[Haskell] PROPOSAL: class aliases

Simon Peyton-Jones simonpj at microsoft.com
Thu Oct 13 09:43:18 EDT 2005


Replying just to you to avoid spamming everyone.

| in particular,
| (CD a) => a and (C a,D a) => a are distinct types. this means that
| you cannot use the aliases as abreviations or alternate names, which
| a very nice side effect. with fine grained class hierarchies, type
| signatures get big fast. having a shorthand is very nice.

I don't agree.  What do you mean by "distinct types"?  In H98 both of
these are ok:

	f :: CD a => ty
	f = ...code...

	g :: (C a, D a) => ty
	g = f
	f :: (C a, D a) => ty
	f = ...code...

	g :: (CD a) => ty
	g = f

That is, the two types are interchangeable.

| Another illustrative example is one that combines aliases with
| superclasses.
| class alias Num a = Show a => (Additive a, Multiplicative a)
| now, Show is a superclass, but Num is an alias for Additive and
| Multiplicative.

Yes, this part really confused me.  I didn't understand what it meant.
Here's my attempt to summarise what I think you are proposing.  (This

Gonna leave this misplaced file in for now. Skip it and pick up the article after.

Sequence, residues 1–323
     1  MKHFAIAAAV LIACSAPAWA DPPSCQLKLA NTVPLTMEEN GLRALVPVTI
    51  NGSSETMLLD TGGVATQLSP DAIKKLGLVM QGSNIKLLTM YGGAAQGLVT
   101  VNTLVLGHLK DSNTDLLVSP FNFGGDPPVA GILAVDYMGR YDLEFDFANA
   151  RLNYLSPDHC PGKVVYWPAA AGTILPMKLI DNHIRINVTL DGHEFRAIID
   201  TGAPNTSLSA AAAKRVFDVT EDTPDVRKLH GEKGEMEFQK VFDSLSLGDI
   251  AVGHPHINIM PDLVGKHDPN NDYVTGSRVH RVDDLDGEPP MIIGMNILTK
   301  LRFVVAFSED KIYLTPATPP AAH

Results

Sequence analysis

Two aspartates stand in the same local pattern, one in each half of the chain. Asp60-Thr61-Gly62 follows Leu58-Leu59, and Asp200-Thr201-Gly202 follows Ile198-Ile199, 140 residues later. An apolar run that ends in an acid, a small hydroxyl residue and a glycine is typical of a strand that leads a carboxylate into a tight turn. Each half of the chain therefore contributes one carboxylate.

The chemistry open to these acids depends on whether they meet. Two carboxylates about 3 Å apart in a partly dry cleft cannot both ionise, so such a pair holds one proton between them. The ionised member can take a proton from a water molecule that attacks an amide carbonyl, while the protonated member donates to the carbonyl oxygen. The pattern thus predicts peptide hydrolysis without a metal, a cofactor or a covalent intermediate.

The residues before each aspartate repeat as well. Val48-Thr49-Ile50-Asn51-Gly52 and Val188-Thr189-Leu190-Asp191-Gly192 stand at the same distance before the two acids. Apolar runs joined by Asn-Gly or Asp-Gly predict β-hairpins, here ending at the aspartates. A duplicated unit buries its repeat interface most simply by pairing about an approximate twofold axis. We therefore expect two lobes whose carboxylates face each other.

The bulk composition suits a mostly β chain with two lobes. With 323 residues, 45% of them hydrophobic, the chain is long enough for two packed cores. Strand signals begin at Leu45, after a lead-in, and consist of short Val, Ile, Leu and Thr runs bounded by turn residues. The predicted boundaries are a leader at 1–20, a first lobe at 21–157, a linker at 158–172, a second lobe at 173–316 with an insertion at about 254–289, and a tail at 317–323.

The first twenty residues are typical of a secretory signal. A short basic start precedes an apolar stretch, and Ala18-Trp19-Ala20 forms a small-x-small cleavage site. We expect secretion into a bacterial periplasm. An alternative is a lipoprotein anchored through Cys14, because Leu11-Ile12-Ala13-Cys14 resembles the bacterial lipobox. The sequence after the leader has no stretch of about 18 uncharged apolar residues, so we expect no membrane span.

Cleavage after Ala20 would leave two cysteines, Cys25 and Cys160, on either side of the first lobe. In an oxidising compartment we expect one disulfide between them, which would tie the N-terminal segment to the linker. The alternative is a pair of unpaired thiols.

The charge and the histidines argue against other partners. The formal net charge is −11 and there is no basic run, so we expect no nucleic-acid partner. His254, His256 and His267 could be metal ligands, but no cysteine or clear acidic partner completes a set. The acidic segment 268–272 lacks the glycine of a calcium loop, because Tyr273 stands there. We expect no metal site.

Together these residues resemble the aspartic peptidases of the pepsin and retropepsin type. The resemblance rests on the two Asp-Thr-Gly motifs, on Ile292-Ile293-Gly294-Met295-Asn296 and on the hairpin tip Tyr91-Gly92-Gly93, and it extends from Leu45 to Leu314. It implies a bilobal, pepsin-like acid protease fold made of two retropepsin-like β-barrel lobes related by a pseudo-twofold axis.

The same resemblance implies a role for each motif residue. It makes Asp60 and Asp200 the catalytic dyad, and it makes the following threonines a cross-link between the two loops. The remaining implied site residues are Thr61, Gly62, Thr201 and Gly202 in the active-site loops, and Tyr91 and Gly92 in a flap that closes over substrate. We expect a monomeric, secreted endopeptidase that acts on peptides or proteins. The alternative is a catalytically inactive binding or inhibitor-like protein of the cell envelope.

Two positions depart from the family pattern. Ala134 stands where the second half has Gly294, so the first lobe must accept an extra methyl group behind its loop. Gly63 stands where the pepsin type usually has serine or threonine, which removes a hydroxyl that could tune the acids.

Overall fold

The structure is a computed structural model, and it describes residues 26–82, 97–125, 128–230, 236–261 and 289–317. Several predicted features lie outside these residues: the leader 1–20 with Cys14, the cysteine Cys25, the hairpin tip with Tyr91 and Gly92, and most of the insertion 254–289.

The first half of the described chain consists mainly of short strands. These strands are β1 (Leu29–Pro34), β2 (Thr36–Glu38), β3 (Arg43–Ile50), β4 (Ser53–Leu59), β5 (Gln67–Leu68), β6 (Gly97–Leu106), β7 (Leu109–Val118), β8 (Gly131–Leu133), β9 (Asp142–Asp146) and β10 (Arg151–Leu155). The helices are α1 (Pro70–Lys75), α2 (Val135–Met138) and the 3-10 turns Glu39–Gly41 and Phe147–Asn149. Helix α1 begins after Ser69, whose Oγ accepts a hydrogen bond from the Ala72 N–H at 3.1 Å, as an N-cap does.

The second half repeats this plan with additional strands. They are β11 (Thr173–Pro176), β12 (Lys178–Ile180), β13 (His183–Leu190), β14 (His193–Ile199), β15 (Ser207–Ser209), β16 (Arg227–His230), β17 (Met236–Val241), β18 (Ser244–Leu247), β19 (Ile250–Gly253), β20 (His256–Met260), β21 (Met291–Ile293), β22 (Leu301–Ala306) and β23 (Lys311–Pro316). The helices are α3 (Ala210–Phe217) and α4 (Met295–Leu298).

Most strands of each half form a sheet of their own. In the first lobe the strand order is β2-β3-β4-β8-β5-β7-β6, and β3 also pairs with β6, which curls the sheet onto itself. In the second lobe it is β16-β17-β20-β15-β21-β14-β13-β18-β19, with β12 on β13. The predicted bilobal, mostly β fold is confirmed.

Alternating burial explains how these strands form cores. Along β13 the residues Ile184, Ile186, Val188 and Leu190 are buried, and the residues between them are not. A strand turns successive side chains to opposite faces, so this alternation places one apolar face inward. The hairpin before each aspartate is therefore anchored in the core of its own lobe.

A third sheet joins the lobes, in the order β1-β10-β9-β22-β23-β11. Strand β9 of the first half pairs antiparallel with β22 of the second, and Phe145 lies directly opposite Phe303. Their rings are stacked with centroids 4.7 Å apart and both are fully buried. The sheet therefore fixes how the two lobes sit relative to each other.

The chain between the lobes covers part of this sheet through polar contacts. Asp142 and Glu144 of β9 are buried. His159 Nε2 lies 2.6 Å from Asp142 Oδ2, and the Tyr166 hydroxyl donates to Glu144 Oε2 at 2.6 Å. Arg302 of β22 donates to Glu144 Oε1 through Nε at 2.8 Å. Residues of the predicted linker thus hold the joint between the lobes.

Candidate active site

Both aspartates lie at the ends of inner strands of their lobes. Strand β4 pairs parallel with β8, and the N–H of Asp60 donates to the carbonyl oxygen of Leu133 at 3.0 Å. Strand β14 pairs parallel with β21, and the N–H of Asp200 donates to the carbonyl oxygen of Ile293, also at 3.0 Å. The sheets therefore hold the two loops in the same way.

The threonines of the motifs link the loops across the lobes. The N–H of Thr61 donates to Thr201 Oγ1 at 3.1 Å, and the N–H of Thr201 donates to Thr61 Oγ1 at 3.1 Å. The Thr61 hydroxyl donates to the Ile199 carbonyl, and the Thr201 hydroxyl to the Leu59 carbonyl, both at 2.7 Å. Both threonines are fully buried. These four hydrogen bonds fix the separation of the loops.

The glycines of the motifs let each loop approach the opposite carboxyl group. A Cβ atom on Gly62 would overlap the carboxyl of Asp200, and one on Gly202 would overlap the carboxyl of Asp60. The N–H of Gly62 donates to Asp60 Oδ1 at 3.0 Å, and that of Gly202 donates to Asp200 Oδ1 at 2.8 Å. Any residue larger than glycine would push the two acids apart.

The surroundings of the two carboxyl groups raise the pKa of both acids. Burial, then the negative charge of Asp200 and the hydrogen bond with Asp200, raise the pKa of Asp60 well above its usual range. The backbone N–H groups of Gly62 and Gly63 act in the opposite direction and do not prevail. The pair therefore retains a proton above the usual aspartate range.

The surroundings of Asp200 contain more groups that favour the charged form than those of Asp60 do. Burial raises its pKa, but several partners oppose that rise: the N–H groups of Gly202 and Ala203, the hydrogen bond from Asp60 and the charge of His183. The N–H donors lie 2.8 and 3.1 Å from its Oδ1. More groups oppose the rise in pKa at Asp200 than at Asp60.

summary might be useful to add to your note.)

(1a) If I have 
	f :: Num a => ...
then I can use any of the class ops of Show, Additive, Multiplicative in
the body of f.

(1b) Dually, a call of f can be satisfied if (Show, Additive,
Multiplicative) are all available (or Num of course).

(2a) I can declare an instance of Num 
* either by giving separate instances for Show, Additive,
* or by giving a separate instance for Show, and an instance for Num

(2b) If a type T is an instance of Additive, then it's an error to also
give a Num instance, even if the instance only gives the methods for

(3) In the class decl for Num I can override the default methods for
Additive, Multiplicative.  These new default methods will be used (only)
if I give an instance decl for Num.

Here, (1a,b) are satisfied by H98 superclasses, whereas (2a) and (3) are
not.  Are there any points I've missed in this list?


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